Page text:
In 1983 the Indiana DNR began stocking hybrid striped bass or wipers in many of our freshwater lakes. Five years later my son Greg and I were catching them at Monroe Reservoir. We were vertical fishing about 23 feet deep with solid tubes on wire hooks tied to 6-pound test mono. The six fish we landed weighed from 4 to over 7 pounds. These are great fighters with the instant surge to break lines and or straighten hooks.
Shadyside Lake has received a semiannual stocking of wipers since 1990. The lake record weighed over 16 pounds, if my memory is correct. Steve Calloway caught the fish in March while testing his boat for the upcoming season. He had one rod with a tube jug left tied from the previous season. He made three casts to the middle of the north pit. Steve’s photo made the front page of the DNR fishing regulations magazine.
Identifying the wiper is difficult for the novice and can be costly if one gets it wrong. Shadyside has three species looking similar. Yellow bass are rough fish that seldom reach a pound. They have lateral stripes similar to a striped or hybrid striped bass and have a yellow tinge. The record yellow bass, 2.7 pounds, came from Morse Reservoir.
Hybrids mix the patterns of striped and white bass. Hybrids have a streamlined body with a bluish/black back, silver sides and a white belly. The kicker is their horizontal lines are most often broken forming a “W” pattern above the lateral line. As with striped bass, hybrids have two parallel tooth patches on the center of their tongue. White bass have but one. The horizontal lines on a striped bass are usually straight and connected.
Only a few bodies of Hoosier water have stripers. Brookville and Raccoon (Hardin) reservoirs, as well as the Ohio River, come to mind. The state record striper weighed 39.8 pounds. Shadyside’s water quality is not good for this species.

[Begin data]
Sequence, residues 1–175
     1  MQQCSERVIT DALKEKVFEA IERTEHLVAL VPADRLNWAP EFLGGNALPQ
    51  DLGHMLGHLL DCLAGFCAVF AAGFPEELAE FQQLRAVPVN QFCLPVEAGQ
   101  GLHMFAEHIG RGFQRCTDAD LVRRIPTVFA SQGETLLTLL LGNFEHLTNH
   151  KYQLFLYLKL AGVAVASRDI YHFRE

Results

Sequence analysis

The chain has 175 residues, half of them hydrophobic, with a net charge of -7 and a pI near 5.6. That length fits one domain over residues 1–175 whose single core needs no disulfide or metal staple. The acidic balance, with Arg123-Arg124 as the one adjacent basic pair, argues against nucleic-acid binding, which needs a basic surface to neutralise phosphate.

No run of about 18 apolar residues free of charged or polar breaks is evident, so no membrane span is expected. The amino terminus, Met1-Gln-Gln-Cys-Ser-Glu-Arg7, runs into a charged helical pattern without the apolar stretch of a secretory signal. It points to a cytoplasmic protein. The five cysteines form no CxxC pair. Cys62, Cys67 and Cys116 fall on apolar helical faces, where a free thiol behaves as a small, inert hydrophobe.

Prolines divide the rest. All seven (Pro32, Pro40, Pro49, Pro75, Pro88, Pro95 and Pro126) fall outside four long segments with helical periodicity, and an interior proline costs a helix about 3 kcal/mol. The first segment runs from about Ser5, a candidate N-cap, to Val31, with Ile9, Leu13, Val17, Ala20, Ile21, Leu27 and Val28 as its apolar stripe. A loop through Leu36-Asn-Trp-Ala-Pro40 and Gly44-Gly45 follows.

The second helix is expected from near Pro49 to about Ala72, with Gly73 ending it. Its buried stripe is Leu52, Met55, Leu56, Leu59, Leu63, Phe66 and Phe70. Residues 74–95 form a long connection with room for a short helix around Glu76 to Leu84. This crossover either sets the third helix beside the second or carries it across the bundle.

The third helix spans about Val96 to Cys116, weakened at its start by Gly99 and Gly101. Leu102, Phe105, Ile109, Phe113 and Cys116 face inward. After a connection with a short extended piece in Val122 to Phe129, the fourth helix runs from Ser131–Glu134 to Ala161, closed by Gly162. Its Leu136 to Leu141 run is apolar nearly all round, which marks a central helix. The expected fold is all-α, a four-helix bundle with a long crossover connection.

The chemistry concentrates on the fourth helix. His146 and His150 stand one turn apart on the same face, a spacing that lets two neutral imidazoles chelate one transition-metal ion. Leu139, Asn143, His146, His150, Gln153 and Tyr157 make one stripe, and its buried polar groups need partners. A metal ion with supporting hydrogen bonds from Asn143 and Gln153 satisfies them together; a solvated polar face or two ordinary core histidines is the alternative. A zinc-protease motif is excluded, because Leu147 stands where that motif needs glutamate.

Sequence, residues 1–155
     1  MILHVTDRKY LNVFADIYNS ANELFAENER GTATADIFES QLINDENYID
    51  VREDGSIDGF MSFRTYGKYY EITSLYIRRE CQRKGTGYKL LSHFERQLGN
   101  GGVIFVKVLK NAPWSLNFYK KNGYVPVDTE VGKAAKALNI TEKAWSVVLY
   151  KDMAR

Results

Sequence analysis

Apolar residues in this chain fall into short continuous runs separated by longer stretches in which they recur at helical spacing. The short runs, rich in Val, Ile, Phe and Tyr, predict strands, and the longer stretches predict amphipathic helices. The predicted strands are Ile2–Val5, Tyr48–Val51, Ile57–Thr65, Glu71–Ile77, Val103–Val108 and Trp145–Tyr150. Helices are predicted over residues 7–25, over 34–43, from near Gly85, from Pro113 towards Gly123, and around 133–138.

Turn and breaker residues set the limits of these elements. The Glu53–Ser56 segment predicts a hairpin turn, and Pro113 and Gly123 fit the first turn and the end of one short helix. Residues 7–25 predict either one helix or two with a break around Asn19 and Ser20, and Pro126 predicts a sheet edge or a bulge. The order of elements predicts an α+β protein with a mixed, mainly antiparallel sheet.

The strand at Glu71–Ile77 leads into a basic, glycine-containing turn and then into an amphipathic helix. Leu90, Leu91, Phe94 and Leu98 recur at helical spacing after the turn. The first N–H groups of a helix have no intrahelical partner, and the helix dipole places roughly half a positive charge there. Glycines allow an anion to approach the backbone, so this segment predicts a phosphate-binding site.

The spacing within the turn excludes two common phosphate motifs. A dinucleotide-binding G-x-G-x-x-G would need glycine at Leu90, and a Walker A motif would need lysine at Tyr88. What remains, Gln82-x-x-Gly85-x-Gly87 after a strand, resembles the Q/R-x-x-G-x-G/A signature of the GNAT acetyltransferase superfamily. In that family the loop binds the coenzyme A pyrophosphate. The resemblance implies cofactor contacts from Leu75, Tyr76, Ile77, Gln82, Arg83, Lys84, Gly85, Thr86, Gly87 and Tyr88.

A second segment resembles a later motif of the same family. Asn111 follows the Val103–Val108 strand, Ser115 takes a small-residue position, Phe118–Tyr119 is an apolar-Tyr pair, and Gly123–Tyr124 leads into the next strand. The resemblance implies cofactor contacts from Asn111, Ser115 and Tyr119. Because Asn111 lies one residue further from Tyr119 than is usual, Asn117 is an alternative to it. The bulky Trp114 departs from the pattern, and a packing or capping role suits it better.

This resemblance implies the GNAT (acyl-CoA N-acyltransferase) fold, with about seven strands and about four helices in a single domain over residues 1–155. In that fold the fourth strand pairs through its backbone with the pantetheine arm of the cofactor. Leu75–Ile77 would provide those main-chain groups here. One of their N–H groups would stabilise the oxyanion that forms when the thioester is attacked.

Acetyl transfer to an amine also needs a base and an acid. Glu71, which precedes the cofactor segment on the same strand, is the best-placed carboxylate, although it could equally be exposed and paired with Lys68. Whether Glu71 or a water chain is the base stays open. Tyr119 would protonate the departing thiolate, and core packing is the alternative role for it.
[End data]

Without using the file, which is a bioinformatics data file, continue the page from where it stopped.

Hybrids often weigh 5 to 20 pounds and do not successfully spawn. White bass seldom push 3 pounds and reproduce well.
Hybrids and whites are included under a combined daily catch limit of 12 fish, single or in aggregate. No more than two of these fish may exceed 17 inches in length. This rule does a good job of separating the species.
A DNR biologist once told me he shocked some large wipers from deep water just before you get to the canal linking the lower pits. These fish suspend in open water while feeding on shad. Try a big swimbait and get ready for a fight.
I believe Bobber’s Restaurant has wiper photos posted.
For as long as I can remember Shadyside Lake has received 1,000 wiper fingerlings every other year and will remain that for this stocking. The state record is 22 pounds, 2 ounces.
Other lakes being supplemented with hybrid striped bass include Monroe (53,700), Patoka, (44,,000) Freeman, Hardy, Nyona, Worster, Clare, Freeman and Shafer.
A hot spot for wipers and walleye, during any season, is below the dam at Monroe. Expect a lot of hang-ups.
Rick Bramwell’s outdoors column runs on Thursdays.